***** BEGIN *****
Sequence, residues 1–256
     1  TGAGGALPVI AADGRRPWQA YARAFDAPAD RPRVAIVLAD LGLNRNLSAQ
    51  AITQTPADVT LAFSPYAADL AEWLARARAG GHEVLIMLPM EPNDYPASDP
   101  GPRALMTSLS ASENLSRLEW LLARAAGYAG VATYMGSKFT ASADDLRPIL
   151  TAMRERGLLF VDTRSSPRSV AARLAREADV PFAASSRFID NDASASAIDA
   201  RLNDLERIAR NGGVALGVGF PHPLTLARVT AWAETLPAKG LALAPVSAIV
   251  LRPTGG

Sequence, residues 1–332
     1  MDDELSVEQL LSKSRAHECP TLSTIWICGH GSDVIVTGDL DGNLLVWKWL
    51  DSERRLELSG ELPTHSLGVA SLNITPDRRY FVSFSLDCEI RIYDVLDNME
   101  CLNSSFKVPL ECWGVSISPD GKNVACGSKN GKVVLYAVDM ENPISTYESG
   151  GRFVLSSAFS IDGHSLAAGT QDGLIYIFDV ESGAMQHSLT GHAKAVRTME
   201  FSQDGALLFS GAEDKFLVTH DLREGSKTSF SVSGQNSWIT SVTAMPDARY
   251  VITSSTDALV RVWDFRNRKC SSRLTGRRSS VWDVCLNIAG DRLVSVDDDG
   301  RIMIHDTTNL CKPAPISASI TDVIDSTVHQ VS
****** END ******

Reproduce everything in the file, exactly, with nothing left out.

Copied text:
Sequence, residues 1–256
     1  TGAGGALPVI AADGRRPWQA YARAFDAPAD RPRVAIVLAD LGLNRNLSAQ
    51  AITQTPADVT LAFSPYAADL AEWLARARAG GHEVLIMLPM EPNDYPASDP
   101  GPRALMTSLS ASENLSRLEW LLARAAGYAG VATYMGSKFT ASADDLRPIL
   151  TAMRERGLLF VDTRSSPRSV AARLAREADV PFAASSRFID NDASASAIDA
   201  RLNDLERIAR NGGVALGVGF PHPLTLARVT AWAETLPAKG LALAPVSAIV
   251  LRPTGG

Sequence, residues 1–332
     1  MDDELSVEQL LSKSRAHECP TLSTIWICGH GSDVIVTGDL DGNLLVWKWL
    51  DSERRLELSG ELPTHSLGVA SLNITPDRRY FVSFSLDCEI RIYDVLDNME
   101  CLNSSFKVPL ECWGVSISPD GKNVACGSKN GKVVLYAVDM ENPISTYESG
   151  GRFVLSSAFS IDGHSLAAGT QDGLIYIFDV ESGAMQHSLT GHAKAVRTME
   201  FSQDGALLFS GAEDKFLVTH DLREGSKTSF SVSGQNSWIT SVTAMPDARY
   251  VITSSTDALV RVWDFRNRKC SSRLTGRRSS VWDVCLNIAG DRLVSVDDDG
   301  RIMIHDTTNL CKPAPISASI TDVIDSTVHQ VS